Klaus Schwab to Leave Role as WEF Chairman

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The head of the World Economic Forum Klaus Schwab has reportedly informed staff that he will be stepping down as WEF executive chairman.

The 86-year-old leader of Davos sent an email to staff on Tuesday announcing that he will no longer run the world’s most prominent globalist advocacy group although he will likely stay on in some non-executive role, the website Semafor claimed.

A WEF spokesman told the website that the Forum will be changing its governance structure and that as a result, Schwab “will transition from Executive Chairman to Chairman of the Board of Trustees” by the start of next year.

Although Schwab has not officially named a successor, the Financial Times reported that former Norwegian Foreign Minister and current WEF President Børge Brende will take over the top job in Davos.

Last year, the POLITICO website reported that, according to 29 WEF insiders, Schwab is treating the organization like a “family heirloom”, indicating that Schwab may have sought to appoint one of his two children, Nicole and Olivier — both of whom already serve in high-ranking positions within the WEF — as the next executive.

The final decision will reportedly need to be cleared by the government of Switzerland, which hosts the group’s annual Davos meeting. The reported move by Schwab to step down from his leadership role in the group comes despite his previous claims that he wanted to stay in power and run the WEF for decades to come.

A German-born economist, Schwab started the World Economic Forum in 1971 with $6,000 in startup funds. Now a $390 million per year business, the Forum sees world leaders, top-flight businessmen, and alleged thought leaders descend — often by private jet, ironically, given the frequent focus on climate change — to the Swiss ski resort town of Davos where they bend the metaphorical knee to Schwab every year.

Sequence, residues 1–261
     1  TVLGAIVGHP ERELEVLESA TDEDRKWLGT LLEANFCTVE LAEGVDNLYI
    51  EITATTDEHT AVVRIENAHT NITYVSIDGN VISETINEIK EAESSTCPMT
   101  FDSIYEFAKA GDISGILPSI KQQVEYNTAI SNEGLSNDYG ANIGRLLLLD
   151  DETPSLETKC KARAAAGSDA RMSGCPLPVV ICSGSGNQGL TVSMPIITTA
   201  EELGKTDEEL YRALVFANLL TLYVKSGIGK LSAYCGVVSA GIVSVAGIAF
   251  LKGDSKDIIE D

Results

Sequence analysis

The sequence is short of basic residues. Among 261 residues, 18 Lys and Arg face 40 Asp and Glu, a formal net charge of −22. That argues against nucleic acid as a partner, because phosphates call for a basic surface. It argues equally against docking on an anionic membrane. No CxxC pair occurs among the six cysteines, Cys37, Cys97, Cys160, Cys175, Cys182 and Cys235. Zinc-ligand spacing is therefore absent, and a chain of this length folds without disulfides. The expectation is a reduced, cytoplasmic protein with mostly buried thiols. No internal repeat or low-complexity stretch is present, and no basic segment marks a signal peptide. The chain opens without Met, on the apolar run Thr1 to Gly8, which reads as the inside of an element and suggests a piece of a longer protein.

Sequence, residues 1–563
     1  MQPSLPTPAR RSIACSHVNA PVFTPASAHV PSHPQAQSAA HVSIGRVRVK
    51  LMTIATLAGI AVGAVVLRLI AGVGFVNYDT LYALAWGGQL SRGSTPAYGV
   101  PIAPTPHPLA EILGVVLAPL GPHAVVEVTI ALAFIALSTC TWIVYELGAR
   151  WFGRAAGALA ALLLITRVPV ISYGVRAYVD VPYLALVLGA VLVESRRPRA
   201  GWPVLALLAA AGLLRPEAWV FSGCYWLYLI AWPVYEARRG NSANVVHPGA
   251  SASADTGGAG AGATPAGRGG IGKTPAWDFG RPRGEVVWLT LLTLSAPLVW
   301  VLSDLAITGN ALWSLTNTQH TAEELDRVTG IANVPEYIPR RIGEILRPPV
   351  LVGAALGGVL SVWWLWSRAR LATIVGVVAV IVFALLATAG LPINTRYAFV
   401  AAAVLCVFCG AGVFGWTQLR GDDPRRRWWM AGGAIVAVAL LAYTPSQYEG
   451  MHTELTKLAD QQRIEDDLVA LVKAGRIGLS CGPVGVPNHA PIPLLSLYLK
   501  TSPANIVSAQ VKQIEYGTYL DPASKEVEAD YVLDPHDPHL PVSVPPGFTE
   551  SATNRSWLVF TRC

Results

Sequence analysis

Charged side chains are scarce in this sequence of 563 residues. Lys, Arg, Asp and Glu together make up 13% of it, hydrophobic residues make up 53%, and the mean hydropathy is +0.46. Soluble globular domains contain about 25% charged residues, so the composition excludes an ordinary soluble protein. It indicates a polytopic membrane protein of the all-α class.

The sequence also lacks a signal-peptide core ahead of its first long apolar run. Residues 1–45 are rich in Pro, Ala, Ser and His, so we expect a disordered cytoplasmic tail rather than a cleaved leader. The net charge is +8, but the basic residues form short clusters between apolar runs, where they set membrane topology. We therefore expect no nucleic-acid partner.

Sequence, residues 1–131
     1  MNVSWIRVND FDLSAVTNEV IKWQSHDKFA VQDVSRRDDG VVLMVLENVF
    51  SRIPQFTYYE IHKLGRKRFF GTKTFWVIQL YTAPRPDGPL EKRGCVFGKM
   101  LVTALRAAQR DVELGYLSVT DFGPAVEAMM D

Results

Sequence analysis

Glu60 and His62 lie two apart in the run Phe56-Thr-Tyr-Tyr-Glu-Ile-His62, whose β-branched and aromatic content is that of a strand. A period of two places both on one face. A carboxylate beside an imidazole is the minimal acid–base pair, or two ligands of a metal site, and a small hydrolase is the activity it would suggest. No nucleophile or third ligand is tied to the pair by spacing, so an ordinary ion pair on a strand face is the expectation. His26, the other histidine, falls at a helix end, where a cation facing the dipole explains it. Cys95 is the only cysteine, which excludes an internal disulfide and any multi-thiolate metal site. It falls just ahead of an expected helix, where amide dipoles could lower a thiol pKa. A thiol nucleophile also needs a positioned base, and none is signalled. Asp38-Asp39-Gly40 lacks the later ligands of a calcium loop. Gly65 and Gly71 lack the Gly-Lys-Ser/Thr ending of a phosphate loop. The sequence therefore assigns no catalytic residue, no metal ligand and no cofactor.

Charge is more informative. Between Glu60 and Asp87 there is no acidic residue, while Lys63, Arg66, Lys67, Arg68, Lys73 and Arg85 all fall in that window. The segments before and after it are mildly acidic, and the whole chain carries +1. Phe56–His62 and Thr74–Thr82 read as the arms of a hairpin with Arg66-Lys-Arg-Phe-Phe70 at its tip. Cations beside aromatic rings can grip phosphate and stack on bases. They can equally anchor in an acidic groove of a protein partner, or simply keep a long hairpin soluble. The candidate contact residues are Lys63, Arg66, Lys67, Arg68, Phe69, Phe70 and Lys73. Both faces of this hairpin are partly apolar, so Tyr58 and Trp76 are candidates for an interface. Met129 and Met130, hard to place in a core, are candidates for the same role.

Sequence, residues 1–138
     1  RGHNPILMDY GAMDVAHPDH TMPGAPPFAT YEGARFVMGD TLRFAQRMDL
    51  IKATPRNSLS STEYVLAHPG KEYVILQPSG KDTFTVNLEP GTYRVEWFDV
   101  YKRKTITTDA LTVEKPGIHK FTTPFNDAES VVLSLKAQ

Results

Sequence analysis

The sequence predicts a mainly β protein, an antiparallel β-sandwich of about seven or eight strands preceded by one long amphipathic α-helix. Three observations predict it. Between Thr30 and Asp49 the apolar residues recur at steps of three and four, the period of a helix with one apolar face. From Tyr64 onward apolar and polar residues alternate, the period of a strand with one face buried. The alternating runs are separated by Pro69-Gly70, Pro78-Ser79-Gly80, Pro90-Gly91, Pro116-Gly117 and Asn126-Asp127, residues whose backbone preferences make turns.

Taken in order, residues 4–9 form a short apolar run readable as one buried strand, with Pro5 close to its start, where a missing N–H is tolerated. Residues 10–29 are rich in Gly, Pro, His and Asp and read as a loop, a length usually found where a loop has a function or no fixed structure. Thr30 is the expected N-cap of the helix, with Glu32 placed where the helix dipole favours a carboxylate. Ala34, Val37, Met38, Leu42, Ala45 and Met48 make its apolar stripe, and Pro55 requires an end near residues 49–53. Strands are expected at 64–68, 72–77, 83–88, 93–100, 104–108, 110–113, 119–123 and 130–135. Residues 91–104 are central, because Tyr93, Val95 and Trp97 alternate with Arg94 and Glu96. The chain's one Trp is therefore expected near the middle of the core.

Under his leadership, the WEF has become one of the leading forces behind numerous globalist projects, such as central bank digital currencies, transhumanism, artificial intelligence, world governance, veganism, carbon taxes, tech censorship, and a radical restructuring of the global economy, among others.

During the Chinese coronavirus crisis, Schwab controversially declared that it represented an opportunity to enact his notion of a “Great Reset“, demanding that the world “act jointly and swiftly to revamp all aspects of our societies and economies”.

Key to his notion of a Great Reset is the implementation of the deceptively-titled and socialist-adjacent ‘stakeholder capitalism’ — a term coined by the WEF chief — in which there is “shared prosperity and equitable growth, based on sustainable production and consumption.”

Infamously, the WEF produced a video predicting that people would “own nothing and be happy“, sparking public outrage, with critics claiming that Davos was seeking to end private property by extending the subscriber-based economy to all walks of life.

Schwab has also popularized the concept of a “Fourth Industrial Revolution” which will see emerging technologies transform how humanity interacts with and understands the world. The WEF chairman has pointed to Artificial Intelligence as being central to this vision, saying last year that those who control AI will have the ability to become “masters of the world”.

The World Economic Forum founder has pointed to Communist China as a likely “role model” for many countries in the “systemic transformation of the world”, saying in 2022 that the “Chinese model is certainly a very attractive model for quite a number of countries.”

Kurt Zindulka
Kurt Zindulka
Deputy Editor.

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